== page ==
“It’s still a work in progress with the serve, to be honest,” Djokovic said, adding: “I’m aware that I can’t serve as the guys who are 6-foot-10. I’m not looking for that speed. I’m looking for precision, for accuracy, for strategic placement so I can actually have an easier first shot in a rally, or I can get better court position than my opponent. Technical details.”
The numbers aren’t jarring, but he’s already had more aces in 2018 than he did in 2017, and his accuracy is up slightly.
Before surgery, he also worked on a new racket, changing the dimensions ever so slightly.
“Even though those are little minor changes that for someone who is not a pro would think, ‘Well it’s little bit larger head or different balance or swing weight, it doesn’t really make a big difference.’ But for me it does. I can feel that,” he said.
“It took me, with the racket change, with the team change as well, and everything that was happening, it just took me 3-4 months to start playing the way I intended to play after the surgery, but obviously [it] didn’t come right away.”
What Djokovic did off the court mattered, too. He began focusing on meditation and the importance of breathing and channeling his focus.
Djokovic has had moments where his temper or frustration derailed him on the court. He said he’s been trying to get better at blocking out the surrounding circumstances and focusing on the moment.
“I think breathing is the most important thing that we all do, especially athletes,” Djokovic said. “You have to master it in order to cope with pressure and those situations where it’s very stressful. Even a guy like [Roger] Federer, who seems like nothing bothers him, I’m sure that he deals with a lot emotions inside, but he has mastered the control over those emotions and his mind, and that’s why he’s been so successful. You can see all the biggest athletes of the history of the sport, they all share that in common. Michael Jordan, this ability to just be in the zone when you need to. Your best surfaces when it’s most important.”
His current coach Marian Vajda also told reporters after Wimbledon that Djokovic made a slight change to his diet. Djokovic is famously gluten-free and avoids meat. However, his coach said it was necessary for him to take in more animal protein, so he began eating more fish.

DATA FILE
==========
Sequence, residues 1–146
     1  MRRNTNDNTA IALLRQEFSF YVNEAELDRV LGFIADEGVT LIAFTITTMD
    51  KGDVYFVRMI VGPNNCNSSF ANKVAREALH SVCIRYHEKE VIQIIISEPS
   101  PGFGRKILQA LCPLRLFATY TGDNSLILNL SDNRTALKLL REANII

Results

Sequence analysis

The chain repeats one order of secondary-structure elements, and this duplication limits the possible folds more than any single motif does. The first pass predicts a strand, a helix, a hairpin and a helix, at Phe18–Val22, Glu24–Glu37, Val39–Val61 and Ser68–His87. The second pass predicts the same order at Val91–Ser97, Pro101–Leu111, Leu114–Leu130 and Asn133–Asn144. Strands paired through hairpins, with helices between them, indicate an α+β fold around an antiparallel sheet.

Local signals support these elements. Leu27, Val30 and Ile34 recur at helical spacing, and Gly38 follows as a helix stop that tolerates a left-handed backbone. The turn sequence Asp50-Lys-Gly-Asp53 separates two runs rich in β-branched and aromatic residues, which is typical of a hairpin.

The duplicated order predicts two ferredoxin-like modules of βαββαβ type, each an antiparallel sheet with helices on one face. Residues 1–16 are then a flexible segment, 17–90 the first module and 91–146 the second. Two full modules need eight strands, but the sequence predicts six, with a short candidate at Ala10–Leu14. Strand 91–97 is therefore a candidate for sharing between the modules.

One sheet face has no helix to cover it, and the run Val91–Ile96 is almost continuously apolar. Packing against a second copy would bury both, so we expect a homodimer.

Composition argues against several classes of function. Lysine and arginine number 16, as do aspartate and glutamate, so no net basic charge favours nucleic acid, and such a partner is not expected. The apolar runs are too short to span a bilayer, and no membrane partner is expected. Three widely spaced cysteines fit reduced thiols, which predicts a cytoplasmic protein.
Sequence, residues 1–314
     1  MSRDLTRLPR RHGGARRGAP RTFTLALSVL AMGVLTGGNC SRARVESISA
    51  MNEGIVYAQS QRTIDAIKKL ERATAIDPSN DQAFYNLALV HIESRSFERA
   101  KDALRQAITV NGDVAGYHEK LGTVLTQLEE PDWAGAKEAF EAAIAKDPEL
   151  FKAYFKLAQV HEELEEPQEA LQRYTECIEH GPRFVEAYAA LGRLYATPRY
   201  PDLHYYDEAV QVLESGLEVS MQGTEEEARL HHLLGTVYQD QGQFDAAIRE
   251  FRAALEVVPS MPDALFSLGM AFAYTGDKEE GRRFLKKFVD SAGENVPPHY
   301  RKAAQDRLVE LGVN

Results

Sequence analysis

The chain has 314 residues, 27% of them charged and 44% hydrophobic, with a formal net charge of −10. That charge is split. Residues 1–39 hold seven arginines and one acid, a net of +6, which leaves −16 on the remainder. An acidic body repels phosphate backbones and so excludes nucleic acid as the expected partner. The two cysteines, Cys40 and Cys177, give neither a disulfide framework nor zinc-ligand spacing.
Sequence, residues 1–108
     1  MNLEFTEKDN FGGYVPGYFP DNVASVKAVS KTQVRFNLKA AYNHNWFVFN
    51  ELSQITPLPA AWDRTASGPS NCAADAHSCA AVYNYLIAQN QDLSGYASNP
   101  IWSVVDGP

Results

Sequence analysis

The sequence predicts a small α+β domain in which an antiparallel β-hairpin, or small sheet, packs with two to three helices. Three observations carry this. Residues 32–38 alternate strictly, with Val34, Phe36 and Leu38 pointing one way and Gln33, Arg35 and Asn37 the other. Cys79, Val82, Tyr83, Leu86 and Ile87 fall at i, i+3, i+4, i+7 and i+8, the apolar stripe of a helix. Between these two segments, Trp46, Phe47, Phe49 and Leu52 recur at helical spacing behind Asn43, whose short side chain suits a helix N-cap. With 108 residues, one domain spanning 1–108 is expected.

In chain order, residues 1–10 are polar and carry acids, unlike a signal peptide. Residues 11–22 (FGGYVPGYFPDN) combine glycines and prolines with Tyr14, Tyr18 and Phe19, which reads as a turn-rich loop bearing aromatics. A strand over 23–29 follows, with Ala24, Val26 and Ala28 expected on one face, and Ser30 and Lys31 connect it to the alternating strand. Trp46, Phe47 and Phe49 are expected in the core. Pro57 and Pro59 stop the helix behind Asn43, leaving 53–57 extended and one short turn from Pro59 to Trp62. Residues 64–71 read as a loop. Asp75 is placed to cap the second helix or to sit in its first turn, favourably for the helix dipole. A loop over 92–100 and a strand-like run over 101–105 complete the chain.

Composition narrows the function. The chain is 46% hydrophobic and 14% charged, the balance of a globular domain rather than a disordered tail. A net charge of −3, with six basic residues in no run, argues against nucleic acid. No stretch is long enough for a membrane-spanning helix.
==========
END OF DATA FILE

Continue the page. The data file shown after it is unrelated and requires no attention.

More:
“He has been given the right nutrition and is now compact. His muscles are perfect and physically feel great,” Vajda said (via James Gray of The Express).
Trusting the process
Djokovic said through all of it that he learned how impatient he had been beforehand – that he wanted quick fixes when they weren’t always available.
“I think one of the biggest things I’ve learned about myself is how impatient I was,” Djokovic said. “And that was probably one of the hardest ways for me to learn how to be patient and to trust the process and to trust that things will come together when the time is right.”
Djokovic’s recent success has propelled him back to No. 6 in the world, and he enters the U.S. Open as the betting favorite because of his momentum. A win at the U.S. Open would not only propel Djokovic back into the conversation as one of the best players in the world, but it would also make a year that started so poorly one of the better seasons of his career.
“if I had the power to turn back time, I wouldn’t change anything,” Djokovic said. “I think it’s absolutely everything has happened for a reason, and I have learned lessons and things about me on deeper levels and would never change anything.”